A higher education cost does not necessarily correlate to better and higher quality learning experiences. Despite the rise in tuition fees, students are still enrolling in classes but given the scarce resources of universities and colleges, they are subjected to enrolling in large volume classes where learning environments are not as ideal for knowledge creation and retention. Personalized and active learning opportunities are limited. As much as it is ideal for instructors to administer high quality, thought provoking assignments and group projects for immersive learning purposes, carrying out these types of assessments is not feasible in 300+ student-sized classes. As such, students do not have enough opportunities to develop higher order thinking skills as conventional exams and multiple choice-based assessments are administered for time-saving purposes. Naturally, having more students in one class would make it difficult for professors to provide regular feedback and have mentoring opportunities. This could be solved by having more TAs to help with grading and providing feedback to the students but this would undoubtedly increase the tuition even more. Furthermore, textbooks have been notorious for being expensive with other hardcopy published options escalating their prices even more which significantly adds on to students' financial burden. Full-time students are spending approximately $1298 annually on textbooks alone. However, recent research has shown that alternatives such as open educational resources and other forms of knowledge obtainment provide students with the same amount of information and value, if not more, without the high costs of traditional textbooks.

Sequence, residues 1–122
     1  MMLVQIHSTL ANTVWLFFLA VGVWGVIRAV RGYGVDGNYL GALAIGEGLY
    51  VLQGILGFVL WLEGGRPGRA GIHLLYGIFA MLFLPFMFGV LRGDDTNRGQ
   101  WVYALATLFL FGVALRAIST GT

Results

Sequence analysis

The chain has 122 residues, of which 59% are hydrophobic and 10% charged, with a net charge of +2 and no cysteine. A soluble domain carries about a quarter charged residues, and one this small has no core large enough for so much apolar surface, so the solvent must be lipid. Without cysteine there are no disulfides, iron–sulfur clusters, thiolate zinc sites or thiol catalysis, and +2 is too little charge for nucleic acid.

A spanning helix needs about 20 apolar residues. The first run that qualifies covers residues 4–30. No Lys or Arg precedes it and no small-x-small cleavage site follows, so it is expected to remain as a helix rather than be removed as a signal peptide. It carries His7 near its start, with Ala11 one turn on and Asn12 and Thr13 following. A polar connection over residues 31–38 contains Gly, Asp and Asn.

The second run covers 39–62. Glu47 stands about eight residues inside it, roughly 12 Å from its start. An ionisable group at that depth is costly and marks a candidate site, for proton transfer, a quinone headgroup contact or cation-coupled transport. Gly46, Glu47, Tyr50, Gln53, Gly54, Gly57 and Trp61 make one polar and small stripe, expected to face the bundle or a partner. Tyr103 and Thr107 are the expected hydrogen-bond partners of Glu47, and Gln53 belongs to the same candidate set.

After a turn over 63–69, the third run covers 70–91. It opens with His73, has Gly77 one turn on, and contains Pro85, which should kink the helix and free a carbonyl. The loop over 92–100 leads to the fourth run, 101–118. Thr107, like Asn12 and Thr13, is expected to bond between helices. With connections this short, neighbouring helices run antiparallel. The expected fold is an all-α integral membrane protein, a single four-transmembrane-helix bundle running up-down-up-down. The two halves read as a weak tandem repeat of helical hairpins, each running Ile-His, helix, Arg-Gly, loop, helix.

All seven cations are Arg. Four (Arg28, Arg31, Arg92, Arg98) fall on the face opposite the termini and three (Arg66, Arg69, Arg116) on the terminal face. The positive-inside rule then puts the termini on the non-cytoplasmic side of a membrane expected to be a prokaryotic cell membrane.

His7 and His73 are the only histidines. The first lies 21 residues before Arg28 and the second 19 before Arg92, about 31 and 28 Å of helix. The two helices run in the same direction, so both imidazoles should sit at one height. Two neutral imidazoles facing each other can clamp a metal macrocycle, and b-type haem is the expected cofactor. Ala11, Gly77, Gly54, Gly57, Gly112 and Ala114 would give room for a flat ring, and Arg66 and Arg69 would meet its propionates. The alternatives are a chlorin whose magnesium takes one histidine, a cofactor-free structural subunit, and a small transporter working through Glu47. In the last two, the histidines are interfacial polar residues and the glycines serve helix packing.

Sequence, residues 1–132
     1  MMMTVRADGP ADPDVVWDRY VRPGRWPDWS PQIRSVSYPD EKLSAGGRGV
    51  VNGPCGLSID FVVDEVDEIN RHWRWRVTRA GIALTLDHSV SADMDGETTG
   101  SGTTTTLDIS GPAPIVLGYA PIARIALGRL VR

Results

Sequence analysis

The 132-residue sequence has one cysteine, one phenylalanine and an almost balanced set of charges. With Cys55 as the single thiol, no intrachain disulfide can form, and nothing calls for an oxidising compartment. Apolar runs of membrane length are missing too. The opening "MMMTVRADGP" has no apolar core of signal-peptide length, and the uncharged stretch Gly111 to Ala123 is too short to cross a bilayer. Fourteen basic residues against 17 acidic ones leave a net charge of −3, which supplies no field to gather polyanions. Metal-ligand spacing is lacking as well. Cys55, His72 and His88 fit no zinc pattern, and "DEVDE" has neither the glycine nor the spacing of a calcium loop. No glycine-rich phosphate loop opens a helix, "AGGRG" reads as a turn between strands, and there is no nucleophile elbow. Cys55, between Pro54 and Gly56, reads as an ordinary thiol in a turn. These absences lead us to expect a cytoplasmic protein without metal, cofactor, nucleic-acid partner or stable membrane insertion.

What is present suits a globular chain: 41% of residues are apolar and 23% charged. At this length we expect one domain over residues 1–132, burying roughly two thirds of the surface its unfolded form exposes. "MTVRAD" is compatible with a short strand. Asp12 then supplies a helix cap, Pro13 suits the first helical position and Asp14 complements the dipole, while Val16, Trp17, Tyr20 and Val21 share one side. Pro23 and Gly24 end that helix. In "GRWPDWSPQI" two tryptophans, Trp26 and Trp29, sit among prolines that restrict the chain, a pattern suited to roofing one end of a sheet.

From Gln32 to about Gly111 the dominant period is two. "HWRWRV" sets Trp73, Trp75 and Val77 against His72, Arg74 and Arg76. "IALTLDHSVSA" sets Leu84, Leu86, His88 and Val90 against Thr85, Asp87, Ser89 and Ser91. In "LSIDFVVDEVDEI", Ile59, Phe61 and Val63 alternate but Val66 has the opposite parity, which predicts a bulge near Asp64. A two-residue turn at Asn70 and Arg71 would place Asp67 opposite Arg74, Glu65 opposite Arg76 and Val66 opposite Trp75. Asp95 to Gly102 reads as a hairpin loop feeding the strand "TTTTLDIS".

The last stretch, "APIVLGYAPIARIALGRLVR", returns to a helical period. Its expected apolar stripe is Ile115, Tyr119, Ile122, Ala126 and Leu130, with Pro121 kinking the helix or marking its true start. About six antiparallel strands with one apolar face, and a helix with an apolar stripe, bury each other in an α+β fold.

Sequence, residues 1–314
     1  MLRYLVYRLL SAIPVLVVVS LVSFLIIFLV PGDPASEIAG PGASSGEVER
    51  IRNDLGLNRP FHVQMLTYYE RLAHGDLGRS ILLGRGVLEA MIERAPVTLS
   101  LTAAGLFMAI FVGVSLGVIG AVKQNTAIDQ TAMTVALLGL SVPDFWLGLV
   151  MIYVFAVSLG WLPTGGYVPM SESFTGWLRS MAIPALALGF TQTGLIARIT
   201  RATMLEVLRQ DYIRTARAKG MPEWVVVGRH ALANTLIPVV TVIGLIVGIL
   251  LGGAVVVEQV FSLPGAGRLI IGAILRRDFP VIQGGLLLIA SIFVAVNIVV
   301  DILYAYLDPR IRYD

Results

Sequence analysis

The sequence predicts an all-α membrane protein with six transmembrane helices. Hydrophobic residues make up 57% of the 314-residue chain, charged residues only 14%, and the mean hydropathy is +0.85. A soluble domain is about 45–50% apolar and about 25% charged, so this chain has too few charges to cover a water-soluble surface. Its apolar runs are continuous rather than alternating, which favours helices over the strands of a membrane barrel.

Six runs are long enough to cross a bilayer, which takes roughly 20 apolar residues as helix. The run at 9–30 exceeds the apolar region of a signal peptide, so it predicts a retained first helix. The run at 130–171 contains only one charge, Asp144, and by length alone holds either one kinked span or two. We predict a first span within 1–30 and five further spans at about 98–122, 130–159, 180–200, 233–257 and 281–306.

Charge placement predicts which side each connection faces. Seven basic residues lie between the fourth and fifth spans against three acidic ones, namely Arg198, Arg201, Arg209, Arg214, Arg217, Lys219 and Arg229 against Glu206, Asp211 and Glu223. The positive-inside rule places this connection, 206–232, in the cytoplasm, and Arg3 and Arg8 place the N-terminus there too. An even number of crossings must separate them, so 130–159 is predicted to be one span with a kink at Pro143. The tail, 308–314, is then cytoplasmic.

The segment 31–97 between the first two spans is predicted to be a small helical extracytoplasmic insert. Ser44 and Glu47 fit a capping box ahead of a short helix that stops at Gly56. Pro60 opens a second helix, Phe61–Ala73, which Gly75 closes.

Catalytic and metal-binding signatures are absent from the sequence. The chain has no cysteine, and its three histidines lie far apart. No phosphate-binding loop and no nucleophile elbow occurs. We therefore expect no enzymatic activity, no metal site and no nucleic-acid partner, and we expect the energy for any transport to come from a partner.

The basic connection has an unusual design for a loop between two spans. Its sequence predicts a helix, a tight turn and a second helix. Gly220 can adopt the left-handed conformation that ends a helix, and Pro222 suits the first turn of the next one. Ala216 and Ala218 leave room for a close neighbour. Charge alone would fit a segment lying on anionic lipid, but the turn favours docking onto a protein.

Through Kritik, students can obtain more value out of their education in ways that would be impossible with traditional assessments and course requirements. By leveraging peer assessment, students can receive multiple feedback on their assignments frequently instead of heavily relying on TA resources and professors for feedback which is extremely costly and time-consuming. The peer assessment process empowers students to acquire different perspectives on course concepts, consolidate their learning and receive guidance while improving their soft skills such as communication and teamwork skills. These benefits can manifest without needing to consume more university and college resources, employing more TAs than ideal and ultimately, without drastically increasing tuition fees.